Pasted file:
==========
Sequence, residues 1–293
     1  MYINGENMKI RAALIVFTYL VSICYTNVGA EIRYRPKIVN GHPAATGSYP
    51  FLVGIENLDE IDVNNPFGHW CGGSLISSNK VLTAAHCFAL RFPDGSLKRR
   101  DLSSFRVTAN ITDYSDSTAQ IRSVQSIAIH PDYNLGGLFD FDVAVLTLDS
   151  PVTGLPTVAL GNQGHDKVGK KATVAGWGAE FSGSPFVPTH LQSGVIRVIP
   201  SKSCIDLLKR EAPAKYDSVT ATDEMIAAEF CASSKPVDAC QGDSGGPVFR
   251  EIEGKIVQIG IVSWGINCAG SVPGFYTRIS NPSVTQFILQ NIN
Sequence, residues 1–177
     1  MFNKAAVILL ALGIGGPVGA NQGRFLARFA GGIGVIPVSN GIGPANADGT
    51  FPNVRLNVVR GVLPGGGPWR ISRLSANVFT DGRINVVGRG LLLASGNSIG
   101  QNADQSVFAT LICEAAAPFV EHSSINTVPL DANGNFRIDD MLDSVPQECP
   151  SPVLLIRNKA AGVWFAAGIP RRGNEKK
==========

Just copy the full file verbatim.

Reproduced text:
Sequence, residues 1–293
     1  MYINGENMKI RAALIVFTYL VSICYTNVGA EIRYRPKIVN GHPAATGSYP
    51  FLVGIENLDE IDVNNPFGHW CGGSLISSNK VLTAAHCFAL RFPDGSLKRR
   101  DLSSFRVTAN ITDYSDSTAQ IRSVQSIAIH PDYNLGGLFD FDVAVLTLDS
   151  PVTGLPTVAL GNQGHDKVGK KATVAGWGAE FSGSPFVPTH LQSGVIRVIP
   201  SKSCIDLLKR EAPAKYDSVT ATDEMIAAEF CASSKPVDAC QGDSGGPVFR
   251  EIEGKIVQIG IVSWGINCAG SVPGFYTRIS NPSVTQFILQ NIN
Sequence, residues 1–177
     1  MFNKAAVILL ALGIGGPVGA NQGRFLARFA GGIGVIPVSN GIGPANADGT
    51  FPNVRLNVVR GVLPGGGPWR ISRLSANVFT DGRINVVGRG LLLASGNSIG
   101  QNADQSVFAT LICEAAAPFV EHSSINTVPL DANGNFRIDD MLDSVPQECP
   151  SPVLLIRNKA AGVWFAAGIP RRGNEKK